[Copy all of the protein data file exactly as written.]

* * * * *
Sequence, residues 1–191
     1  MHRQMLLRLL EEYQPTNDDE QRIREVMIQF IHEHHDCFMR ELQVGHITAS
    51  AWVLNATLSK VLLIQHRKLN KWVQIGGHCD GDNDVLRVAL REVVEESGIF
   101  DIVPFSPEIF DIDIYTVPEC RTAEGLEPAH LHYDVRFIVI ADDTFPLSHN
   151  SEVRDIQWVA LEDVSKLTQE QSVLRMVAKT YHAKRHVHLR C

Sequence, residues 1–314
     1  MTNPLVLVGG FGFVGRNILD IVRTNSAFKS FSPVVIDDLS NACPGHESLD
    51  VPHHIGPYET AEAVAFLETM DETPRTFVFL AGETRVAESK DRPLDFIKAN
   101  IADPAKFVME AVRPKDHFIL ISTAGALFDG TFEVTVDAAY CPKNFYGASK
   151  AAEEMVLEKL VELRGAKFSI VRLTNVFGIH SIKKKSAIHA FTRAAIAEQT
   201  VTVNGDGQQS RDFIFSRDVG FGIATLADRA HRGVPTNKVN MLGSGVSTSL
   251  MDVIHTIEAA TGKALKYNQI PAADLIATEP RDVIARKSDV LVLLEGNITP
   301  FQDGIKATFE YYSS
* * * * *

Sequence, residues 1–191
     1  MHRQMLLRLL EEYQPTNDDE QRIREVMIQF IHEHHDCFMR ELQVGHITAS
    51  AWVLNATLSK VLLIQHRKLN KWVQIGGHCD GDNDVLRVAL REVVEESGIF
   101  DIVPFSPEIF DIDIYTVPEC RTAEGLEPAH LHYDVRFIVI ADDTFPLSHN
   151  SEVRDIQWVA LEDVSKLTQE QSVLRMVAKT YHAKRHVHLR C

Sequence, residues 1–314
     1  MTNPLVLVGG FGFVGRNILD IVRTNSAFKS FSPVVIDDLS NACPGHESLD
    51  VPHHIGPYET AEAVAFLETM DETPRTFVFL AGETRVAESK DRPLDFIKAN
   101  IADPAKFVME AVRPKDHFIL ISTAGALFDG TFEVTVDAAY CPKNFYGASK
   151  AAEEMVLEKL VELRGAKFSI VRLTNVFGIH SIKKKSAIHA FTRAAIAEQT
   201  VTVNGDGQQS RDFIFSRDVG FGIATLADRA HRGVPTNKVN MLGSGVSTSL
   251  MDVIHTIEAA TGKALKYNQI PAADLIATEP RDVIARKSDV LVLLEGNITP
   301  FQDGIKATFE YYSS